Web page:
• He can volunteer for the Walter Reed Army Medical Center's Auxiliary, which offers "the opportunity for fun and friendship, for networking and sharing, as well as a chance to support our hospital and its patients."
  • If he has a little spare change after paying his dues at his golf club in Waco, he can contribute to Walter Reed Hospital's Army Emergency Relief Fund , which provides for veterans' "emergency financial needs such as food, rent, utilities, emergency transportation and vehicle repair, funeral expenses, medical/dental expenses, or personal needs when pay is delayed or stolen." And he doesn't even have to wait until he qualifies for unemployment.
  • Dubya might also join Stephen Colbert in cutting some generous checks for the Fisher House veterans' program, which provides "'a home away from home' that enables family members to be close to a loved one at the most stressful time -- during hospitalization for an illness, disease or injury."
Bush may be denied the "fantastic experience" and "romance" of Iraq and Afghanistan due to his age, but they can vicariously take part in those wars through the accounts of returning veterans by volunteering at Walter Reed, the Waco VA Medical Center or any other VA hospital across the land.

And keep those checks coming, too, George. A recent Harvard study predicts that "taxpayers' cost for the care of injured veterans will run up to $700 billion."


[1] The Veterans for Common Sense website is brimming with valuable but underreported information about the plight of veterans. For example, the site cuts through the Pentagon's statistical games: "There are nearly 61,000 non-fatal casualties from Iraq, plus 8,000 non-fatal casualties from Afghanistan. A grand total of 69,000 battlefield casualties from the two wars." Meanwhile, the 3,988 U.S. troops have lost their lives in Iraq, 487 in Afghanistan.

[2] To help him prepare for his new career as a volunteer, Dubya might take a look at Elizabeth Reuben's article on the current situation in Afghanistan in the New York Times Magazine (February 24th).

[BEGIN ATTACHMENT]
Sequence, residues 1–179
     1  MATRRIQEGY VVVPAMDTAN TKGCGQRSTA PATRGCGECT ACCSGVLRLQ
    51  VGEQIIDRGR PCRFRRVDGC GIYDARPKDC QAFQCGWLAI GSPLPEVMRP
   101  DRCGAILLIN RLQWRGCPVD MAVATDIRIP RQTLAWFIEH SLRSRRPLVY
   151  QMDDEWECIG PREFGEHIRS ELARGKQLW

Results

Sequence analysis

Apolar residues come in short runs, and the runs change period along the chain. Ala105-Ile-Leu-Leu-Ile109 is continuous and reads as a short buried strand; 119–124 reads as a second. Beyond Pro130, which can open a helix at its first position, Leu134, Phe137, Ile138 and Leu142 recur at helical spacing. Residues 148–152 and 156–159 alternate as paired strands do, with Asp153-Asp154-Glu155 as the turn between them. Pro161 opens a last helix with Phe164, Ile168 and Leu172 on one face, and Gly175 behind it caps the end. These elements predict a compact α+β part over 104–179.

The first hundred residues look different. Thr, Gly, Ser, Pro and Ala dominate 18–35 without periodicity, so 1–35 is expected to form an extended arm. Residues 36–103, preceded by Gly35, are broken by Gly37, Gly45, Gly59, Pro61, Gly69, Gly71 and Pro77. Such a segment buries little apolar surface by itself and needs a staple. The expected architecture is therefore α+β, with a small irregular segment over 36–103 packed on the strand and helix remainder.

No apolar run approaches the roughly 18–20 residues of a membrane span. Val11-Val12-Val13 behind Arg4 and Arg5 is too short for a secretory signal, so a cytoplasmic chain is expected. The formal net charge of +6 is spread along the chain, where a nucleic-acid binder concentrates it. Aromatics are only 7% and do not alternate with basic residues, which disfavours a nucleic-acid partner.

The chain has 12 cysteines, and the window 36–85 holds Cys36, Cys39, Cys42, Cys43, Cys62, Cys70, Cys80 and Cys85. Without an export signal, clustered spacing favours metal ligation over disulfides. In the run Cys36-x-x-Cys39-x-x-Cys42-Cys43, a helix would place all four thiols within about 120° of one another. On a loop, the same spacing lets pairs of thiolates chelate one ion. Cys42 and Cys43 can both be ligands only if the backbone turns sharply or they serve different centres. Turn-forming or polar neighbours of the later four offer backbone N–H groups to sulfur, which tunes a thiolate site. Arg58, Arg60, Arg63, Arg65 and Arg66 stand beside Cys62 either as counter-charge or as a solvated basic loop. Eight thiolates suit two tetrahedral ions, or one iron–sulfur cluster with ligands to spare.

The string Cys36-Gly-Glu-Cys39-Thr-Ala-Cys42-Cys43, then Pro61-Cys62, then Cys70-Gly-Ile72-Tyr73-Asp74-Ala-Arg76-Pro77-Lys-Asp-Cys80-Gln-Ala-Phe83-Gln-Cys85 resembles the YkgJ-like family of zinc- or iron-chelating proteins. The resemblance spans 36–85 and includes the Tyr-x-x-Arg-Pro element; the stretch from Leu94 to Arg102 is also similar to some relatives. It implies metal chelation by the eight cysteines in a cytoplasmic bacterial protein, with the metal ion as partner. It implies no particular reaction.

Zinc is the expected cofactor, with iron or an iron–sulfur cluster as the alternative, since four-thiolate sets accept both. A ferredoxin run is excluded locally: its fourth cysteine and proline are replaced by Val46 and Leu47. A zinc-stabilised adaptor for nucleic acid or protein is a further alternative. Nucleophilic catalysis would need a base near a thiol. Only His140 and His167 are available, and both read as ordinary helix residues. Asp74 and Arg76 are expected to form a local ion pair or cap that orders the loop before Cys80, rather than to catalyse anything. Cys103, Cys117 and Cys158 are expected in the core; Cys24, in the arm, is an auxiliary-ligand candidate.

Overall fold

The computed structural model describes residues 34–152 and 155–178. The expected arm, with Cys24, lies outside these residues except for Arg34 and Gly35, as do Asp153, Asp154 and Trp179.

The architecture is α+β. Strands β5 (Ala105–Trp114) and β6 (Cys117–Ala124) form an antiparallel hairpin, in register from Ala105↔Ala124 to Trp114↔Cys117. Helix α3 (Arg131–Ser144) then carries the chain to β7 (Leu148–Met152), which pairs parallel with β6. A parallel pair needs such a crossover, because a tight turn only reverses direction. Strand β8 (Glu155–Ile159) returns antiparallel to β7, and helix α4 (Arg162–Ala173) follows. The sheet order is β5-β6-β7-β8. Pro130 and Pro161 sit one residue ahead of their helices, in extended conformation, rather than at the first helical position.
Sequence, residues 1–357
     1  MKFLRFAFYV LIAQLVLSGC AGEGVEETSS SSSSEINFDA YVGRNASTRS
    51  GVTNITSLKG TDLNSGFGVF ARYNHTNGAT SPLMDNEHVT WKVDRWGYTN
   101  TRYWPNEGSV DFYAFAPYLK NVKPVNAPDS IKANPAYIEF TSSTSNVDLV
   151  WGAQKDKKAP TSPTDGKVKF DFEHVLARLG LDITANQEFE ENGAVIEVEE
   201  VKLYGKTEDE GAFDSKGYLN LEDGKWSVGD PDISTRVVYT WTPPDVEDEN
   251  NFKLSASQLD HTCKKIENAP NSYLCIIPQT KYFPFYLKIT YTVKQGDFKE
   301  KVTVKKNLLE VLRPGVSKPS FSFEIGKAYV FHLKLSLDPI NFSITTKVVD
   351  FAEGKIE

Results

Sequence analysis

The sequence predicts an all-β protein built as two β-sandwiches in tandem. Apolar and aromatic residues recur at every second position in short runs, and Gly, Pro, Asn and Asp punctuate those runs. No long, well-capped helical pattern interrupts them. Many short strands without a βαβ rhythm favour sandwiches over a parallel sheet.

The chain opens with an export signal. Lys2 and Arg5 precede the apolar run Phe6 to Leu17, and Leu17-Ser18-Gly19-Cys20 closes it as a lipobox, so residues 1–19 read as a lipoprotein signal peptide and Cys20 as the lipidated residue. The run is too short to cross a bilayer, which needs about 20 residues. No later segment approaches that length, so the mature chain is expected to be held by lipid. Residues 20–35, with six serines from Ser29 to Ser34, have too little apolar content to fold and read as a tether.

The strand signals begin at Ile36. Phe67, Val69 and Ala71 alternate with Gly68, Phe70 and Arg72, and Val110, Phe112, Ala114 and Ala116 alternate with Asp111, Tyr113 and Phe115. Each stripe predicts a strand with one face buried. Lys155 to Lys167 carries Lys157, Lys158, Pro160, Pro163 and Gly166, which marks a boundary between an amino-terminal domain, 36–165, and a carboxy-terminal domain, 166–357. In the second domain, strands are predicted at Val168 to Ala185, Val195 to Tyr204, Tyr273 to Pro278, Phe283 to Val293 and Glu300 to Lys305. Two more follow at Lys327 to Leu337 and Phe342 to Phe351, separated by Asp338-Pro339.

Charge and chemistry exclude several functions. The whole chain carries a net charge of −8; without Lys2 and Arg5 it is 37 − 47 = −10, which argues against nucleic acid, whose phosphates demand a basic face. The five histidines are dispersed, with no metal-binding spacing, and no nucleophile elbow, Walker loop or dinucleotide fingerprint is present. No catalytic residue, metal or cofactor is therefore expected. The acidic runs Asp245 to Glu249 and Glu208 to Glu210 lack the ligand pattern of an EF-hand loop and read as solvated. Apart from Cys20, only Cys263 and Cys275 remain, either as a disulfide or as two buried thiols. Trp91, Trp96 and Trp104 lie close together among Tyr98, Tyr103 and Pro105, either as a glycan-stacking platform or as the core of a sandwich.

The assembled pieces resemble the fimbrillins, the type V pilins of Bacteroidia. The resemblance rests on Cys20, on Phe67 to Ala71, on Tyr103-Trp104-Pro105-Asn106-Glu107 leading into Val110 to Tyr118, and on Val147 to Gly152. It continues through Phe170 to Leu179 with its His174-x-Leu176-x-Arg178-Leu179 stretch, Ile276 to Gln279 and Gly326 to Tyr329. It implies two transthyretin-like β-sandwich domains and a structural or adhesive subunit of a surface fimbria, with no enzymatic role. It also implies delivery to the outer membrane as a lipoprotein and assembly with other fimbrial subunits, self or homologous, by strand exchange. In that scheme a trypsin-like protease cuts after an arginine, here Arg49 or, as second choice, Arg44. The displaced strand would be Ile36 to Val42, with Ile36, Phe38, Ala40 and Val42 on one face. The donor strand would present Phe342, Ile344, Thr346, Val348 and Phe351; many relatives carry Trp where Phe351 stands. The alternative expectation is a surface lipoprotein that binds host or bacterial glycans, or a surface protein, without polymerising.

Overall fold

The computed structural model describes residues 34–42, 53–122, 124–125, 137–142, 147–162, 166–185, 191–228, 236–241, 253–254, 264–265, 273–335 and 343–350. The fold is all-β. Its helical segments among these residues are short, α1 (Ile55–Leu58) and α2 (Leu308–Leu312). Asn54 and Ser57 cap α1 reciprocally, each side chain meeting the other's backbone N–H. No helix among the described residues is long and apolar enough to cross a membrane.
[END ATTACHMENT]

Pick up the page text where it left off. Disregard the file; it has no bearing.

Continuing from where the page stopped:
With a tip o' the hat to Fred Kaplan at Slate and Digby at Hullabaloo. A commenter on Hullabaloo came up with this highly-relevant quote from F. Scott Fitzgerald's The Great Gatsby:
"They were careless people... they smashed up things and creatures and then retreated back into their money or their vast carelessness... and let other people clean up the mess they had made..."
PHOTO: George Bush playing soldier at the DMZ in Korea (note the covers still on the binoculars).

UPDATE - 3/16/08:

When I mentioned these volunteer options for Dubya on Hullabaloo, a commenter pointed out: "My God, haven't they suffered enough?" The point is well taken, but somehow I don't think anyone needs to lose any sleep over his showing up at a clinic for TBI victims. Bush has already declared his retirement goals: clearing brush, riding his mountain bike and making incoherent speeches for big money.

Monday, March 10, 2008

Blues Break Double Header: Robert "Wolfman" Belfour

Robert Belfour jams on a back porch during the Centrum Blues Workshop, Port Townsend, Washington State, in August, 2007. This is an instrumental version of Old Black Mattie. The sound quality is only marginally better than in an earlier Wolfman Blues Break, but it's well worth a listen anyway.

Can't seem to get enough of this guy—he's the real deal. Too bad I missed him when he was here in the Pacific Northwest. Here he is again, with somewhat better acoustics, performing his classic Done Got Old (date and location not available):

Saturday, March 08, 2008

The legal endgame

After he vetoed H.R. 2082, the “Intelligence Authorization Act for Fiscal Year 2008,” George Bush submitted the following explanation to the House of Representatives:
"Section 327 of the bill would harm our national security by requiring any element of the intelligence community to use only the interrogation methods authorized in the Army Field Manual on Interrogations. It is vitally important that the Central Intelligence Agency (C.I.A.) be allowed to maintain a separate and classified interrogation program... While details of the current C.I.A. program are classified, the attorney general has reviewed it and determined that it is lawful under existing domestic and international law, including Common Article 3 of the Geneva Conventions."
Forgive me for taking no comfort in the claim that the Attorney General has "reviewed" and approved the classified program.

Veto or not, "harsh interrogation practices" like waterboarding will be discontinued after next January 20th if a Democrat is elected.

So all this gets curiouser and curiouser, legally speaking. Why all the fuss, if the torturers might only be in business for another ten months?

The federal criminal code (18 USC 2340A) already prohibits acts of torture "committed by a person acting under color of law specifically intended to inflict severe physical or mental pain or suffering... upon another person within his custody or physical control." Additional provisions describe in some detail the forms of "severe physical or mental pain or suffering" that are encompassed by the prohibition: